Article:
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Title: Movement-related cortical potential markers of motor skill learning
Author: Wright, David James
ISNI:       0000 0004 2721 6514
Awarding Body: Manchester Metropolitan University
Current Institution: Manchester Metropolitan University
Date of Award: 2012
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In this thesis the cortical processes involved in motor skill learning were examined. Electroencephalography (EEG) was used to record the movement-related cortical potential (MRCP): an event-related potential reflecting the cortical activity involved in motor planning and preparation, prior to performance of a guitar playing task. A series of five experiments was conducted to investigate how the MRCP may vary depending on a performer’s skill level and how it may change with skill learning. In Study 1 a scale-playing task on the guitar, from which it was possible to accurately record the MRCP, was identified. In Study 2, the MRCP was recorded during scale-playing on the guitar from a group of experienced guitarists and a group of non-musicians who had no prior musical training and no experience of playing any musical instrument. Differences in the amplitude and onset times of the MRCP components were compared across groups, with results indicating that the experienced guitarists allocated less cortical activity to planning the performance of the scale than the non-musicians. The purposes of Studies 3, 4, and 5 were to establish the extent to which these between-group differences were the result of training by the experienced guitarists. In Study 3 the effect of short-term practice on movement-related cortical activity was investigated and, contrary to the hypothesis, found an increase in cortical activity involved in movement preparation following practice on the guitar. In Studies 4a and 4b the effect of long-term motor practice on the MRCP was explored. Non-musicians took part in a five and ten week training programme, learning to play the guitar. Study 4a reported a decrease in cortical activity in certain parts of the motor cortex following five weeks of learning to play a scale on the guitar. When the training programme was extended to ten weeks in Study 4b however, an increase in cortical activity was found in certain areas of the motor cortex. Study 4c investigated the effect of a period of de-training on the MRCP in five participants. Results from these participants indicated a decrease in MRCP amplitude following training. This reduced amplitude was also found following a five-week period of de-training. Finally, in Study 5, within-session changes in cortical activity were investigated over an extended ten-week learning period. The combined results of Studies 3 and 5 indicate that there may be an increase in both pre- and primary motor cortex activity during the initial phase of motor skill learning, followed by a decrease in motor cortex activity once the performer becomes competent in the task. From the results of these studies, it was concluded that the process of motor skill learning is likely to be more complex than is currently stated in the literature. Rather than a simple linear decrease in the amount of cortical activity involved in motor planning as a result of learning, it is more likely that fluctuations in cortical activity occur at different stages in the learning period, which may, over time, lead to a reduced activity being required during motor preparation.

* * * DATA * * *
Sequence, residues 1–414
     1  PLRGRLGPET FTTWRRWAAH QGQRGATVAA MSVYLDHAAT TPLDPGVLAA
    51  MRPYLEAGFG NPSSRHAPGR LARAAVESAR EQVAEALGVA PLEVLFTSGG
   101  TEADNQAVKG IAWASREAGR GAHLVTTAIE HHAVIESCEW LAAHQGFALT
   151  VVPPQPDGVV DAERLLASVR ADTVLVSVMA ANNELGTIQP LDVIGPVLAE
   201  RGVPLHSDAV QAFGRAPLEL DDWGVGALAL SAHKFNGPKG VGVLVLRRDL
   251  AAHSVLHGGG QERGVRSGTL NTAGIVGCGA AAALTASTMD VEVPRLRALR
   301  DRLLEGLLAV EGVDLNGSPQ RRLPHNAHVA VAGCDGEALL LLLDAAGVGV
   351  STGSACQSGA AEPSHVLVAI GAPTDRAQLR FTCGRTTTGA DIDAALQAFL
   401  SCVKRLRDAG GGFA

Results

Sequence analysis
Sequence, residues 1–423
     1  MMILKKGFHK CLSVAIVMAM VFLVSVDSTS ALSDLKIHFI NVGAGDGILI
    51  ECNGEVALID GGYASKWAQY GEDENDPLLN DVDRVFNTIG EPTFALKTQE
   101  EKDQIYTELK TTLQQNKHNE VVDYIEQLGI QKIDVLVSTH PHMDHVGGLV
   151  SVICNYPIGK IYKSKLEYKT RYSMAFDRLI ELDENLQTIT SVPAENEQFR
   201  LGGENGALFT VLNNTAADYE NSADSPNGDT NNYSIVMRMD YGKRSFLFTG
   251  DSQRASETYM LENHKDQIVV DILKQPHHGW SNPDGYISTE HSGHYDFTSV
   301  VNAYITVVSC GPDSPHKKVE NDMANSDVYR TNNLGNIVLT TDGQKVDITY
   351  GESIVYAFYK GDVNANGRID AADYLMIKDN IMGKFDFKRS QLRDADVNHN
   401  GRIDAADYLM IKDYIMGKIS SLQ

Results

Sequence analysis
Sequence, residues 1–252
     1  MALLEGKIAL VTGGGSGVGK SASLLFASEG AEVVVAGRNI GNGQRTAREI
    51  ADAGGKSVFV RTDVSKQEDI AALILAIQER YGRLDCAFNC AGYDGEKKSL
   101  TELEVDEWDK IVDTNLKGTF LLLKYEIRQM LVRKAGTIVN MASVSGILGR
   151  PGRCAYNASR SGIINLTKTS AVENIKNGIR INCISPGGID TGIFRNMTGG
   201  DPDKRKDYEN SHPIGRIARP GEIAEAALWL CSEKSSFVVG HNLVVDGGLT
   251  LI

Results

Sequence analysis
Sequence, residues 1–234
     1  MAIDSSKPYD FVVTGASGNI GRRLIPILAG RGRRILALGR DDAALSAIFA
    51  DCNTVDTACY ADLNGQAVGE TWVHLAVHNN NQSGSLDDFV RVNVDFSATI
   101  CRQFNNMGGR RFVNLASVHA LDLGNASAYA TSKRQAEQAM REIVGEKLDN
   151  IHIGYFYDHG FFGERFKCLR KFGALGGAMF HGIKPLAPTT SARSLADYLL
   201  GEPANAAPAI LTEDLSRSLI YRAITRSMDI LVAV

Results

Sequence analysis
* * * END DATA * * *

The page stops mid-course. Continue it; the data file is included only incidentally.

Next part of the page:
Supervisor: Not available Sponsor: Not available
Qualification Name: Thesis (Ph.D.) Qualification Level: Doctoral
EThOS ID:  DOI: Not available